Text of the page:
According to the Prison Policy Initiative, approximately 600,000 people are incarcerated each year. However, that statistic alone does not accurately depict the enormous churn in and out of our nation’s vast prison system. It is estimated that in an average year, people will go to jail a staggering 10 million times.[2] Jail churn is remarkably high for a number of reasons: some people are frequent offenders while others are stuck behind bars even though they have yet to be convicted in a court of law. For example, if you do not have the financial means to post bail, you may be incarcerated until your trial.

Every day, people find themselves caught in the thresholds of an overtaxed criminal justice system. It’s not hard to believe that tens of thousands of innocent people are in prison because of mistaken identification; police misconduct; mistakes made by the prosecution, judge or jury; false testimonies on behalf of eyewitnesses and informants; false confessions and the mishandling of DNA evidence.


Organizations such as The Innocence Project are hard at work to “free the innocent, prevent wrongful convictions, and create fair, compassionate, and equitable systems of justice for everyone.” Their efforts have helped exonerate hundreds of innocent people and have brought to light the shocking flaws in our criminal justice system.


The phrase “innocent until proven guilty” is one of our most fundamental rights in this country. Unfortunately, sometimes it seems people are guilty until proven innocent. Seeking counsel from an experienced criminal defense lawyer is the only way to ensure your constitutional rights, which include the presumption of innocence (the state bears the burden of proving guilt), your right to an attorney and your right to exculpatory information - are protected every step of the way. Being exonerated for a crime you did not commit after the fact is a lengthy, complex process and an uphill battle. It is generally easier for a skilled criminal defense attorney to prove your innocence during the trial then after you are formally convicted.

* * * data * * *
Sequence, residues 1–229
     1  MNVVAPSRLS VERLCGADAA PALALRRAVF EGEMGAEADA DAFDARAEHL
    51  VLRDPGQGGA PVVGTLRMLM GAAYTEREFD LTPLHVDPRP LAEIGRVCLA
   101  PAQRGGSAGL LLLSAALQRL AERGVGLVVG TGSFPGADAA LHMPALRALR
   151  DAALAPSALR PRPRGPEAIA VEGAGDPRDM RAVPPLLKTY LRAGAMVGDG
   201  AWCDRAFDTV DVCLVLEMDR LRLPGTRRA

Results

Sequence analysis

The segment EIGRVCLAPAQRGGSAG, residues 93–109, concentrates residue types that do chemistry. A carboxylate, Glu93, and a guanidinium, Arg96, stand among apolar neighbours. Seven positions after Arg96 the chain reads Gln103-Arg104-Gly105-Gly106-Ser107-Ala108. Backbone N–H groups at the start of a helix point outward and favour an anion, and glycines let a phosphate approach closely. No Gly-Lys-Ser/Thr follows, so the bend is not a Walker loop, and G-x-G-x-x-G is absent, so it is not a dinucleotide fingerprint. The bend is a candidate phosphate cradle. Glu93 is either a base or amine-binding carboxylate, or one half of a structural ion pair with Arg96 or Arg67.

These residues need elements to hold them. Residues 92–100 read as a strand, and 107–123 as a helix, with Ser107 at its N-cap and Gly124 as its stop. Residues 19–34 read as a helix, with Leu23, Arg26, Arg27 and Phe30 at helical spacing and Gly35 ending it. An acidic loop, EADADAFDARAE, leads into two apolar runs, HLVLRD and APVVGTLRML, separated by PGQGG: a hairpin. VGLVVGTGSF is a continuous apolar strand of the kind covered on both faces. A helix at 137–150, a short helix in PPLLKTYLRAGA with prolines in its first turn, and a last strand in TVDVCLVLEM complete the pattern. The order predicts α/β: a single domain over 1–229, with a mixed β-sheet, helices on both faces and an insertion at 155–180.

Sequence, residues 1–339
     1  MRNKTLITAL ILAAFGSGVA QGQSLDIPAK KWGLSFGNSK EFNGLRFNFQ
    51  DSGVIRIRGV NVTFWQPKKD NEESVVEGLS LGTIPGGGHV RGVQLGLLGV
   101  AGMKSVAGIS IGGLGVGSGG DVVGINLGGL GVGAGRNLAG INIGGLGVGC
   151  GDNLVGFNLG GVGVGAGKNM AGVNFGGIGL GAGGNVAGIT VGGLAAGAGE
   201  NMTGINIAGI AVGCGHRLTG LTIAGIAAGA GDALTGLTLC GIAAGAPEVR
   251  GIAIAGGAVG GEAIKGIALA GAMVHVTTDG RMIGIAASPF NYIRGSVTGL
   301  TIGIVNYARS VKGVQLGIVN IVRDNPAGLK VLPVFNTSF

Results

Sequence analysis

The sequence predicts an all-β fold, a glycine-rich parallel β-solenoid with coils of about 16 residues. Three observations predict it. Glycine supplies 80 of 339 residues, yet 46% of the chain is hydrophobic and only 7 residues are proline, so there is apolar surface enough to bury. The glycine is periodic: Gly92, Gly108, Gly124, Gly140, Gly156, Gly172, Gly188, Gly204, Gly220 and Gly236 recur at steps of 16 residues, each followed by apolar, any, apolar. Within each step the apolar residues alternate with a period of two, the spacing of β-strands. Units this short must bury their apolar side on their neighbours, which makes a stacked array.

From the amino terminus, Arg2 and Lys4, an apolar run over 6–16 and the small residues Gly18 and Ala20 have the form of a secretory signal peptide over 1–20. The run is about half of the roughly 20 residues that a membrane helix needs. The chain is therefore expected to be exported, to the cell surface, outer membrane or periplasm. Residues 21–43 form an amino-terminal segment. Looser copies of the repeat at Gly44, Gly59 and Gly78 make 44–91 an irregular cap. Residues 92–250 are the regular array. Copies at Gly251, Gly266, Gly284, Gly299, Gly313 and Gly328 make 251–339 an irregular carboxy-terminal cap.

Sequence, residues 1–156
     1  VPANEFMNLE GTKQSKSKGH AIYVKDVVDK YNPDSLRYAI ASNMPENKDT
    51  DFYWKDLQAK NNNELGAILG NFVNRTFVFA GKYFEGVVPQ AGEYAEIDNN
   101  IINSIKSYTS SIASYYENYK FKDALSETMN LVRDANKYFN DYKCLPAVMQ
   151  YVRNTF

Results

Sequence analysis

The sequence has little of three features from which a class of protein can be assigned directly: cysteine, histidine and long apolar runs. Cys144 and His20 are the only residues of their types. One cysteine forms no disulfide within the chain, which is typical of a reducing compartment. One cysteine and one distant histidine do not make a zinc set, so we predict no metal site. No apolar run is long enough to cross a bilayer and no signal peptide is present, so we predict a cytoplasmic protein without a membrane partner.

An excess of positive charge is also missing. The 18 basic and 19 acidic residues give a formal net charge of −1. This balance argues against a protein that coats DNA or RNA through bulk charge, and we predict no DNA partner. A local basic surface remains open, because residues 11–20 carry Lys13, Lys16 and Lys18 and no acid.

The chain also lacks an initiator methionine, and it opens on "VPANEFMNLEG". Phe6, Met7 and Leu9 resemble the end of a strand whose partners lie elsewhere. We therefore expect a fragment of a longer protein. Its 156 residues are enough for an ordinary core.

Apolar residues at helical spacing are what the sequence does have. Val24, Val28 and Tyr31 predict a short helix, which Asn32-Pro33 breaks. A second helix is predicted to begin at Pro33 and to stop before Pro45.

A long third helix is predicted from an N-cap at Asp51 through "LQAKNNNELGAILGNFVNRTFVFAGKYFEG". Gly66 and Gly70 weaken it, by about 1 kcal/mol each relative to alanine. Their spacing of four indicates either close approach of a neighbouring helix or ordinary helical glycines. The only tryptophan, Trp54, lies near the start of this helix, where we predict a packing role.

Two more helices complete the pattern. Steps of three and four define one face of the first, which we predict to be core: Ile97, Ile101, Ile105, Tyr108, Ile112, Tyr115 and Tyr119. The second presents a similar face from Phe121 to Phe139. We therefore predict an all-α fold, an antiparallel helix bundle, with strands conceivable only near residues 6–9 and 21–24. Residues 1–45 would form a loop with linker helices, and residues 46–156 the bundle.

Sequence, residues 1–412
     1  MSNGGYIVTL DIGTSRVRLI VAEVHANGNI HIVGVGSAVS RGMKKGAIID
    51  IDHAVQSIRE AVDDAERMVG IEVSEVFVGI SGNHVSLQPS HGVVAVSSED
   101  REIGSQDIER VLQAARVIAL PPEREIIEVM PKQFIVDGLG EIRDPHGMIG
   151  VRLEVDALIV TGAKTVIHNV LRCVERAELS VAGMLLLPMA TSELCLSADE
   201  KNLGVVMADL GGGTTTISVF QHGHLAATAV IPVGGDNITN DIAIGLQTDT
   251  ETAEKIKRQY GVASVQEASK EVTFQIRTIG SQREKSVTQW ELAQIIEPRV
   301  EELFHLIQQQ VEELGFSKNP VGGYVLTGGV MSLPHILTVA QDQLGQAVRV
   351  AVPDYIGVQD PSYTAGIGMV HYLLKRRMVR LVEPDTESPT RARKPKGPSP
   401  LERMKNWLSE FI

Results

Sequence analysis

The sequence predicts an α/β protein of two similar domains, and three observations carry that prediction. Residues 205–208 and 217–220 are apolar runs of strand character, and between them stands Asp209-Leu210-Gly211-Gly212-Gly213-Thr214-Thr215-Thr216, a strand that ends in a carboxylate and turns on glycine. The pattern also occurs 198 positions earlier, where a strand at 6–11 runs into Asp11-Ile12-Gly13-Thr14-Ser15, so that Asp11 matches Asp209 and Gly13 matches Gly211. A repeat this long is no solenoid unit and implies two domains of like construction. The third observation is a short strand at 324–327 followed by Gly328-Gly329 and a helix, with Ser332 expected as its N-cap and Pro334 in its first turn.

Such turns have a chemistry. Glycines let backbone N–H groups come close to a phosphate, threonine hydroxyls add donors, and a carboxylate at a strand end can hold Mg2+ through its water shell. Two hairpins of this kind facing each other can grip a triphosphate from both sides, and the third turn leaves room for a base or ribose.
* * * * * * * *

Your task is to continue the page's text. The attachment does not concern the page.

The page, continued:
In Summary...

Being charged with a crime can threaten your livelihood, your relationships, your reputation and your personal freedom. The most devastating fate an innocent person can face is imprisonment for a crime he or she did not commit. While Rhode Island’s new Claims for Wrongful Conviction and Imprisonment Law is a step in the right direction, it will never fully undo the injustice.


If you have been arrested for or are under investigation for a crime, it is important to seek legal representation as soon as possible. Attorney Ann Sheeley has over 25 years of experience with crimes ranging from DUI/OUI (including a Marijuana DUI) to Drug Charges to Probation Violations and Bail Hearings to Robbery, Burglary and Larceny. We are not here to judge you. We are only here to protect your rights and fight hard for your case. Contact Attorney Ann Sheeley, 24/7, by calling 401-619-5555 or emailing asheeley@sheeleylaw.com.



[1] https://doi.org/10.1007/s10940-018-9381-1

[2] https://www.prisonpolicy.org/reports/pie2022.html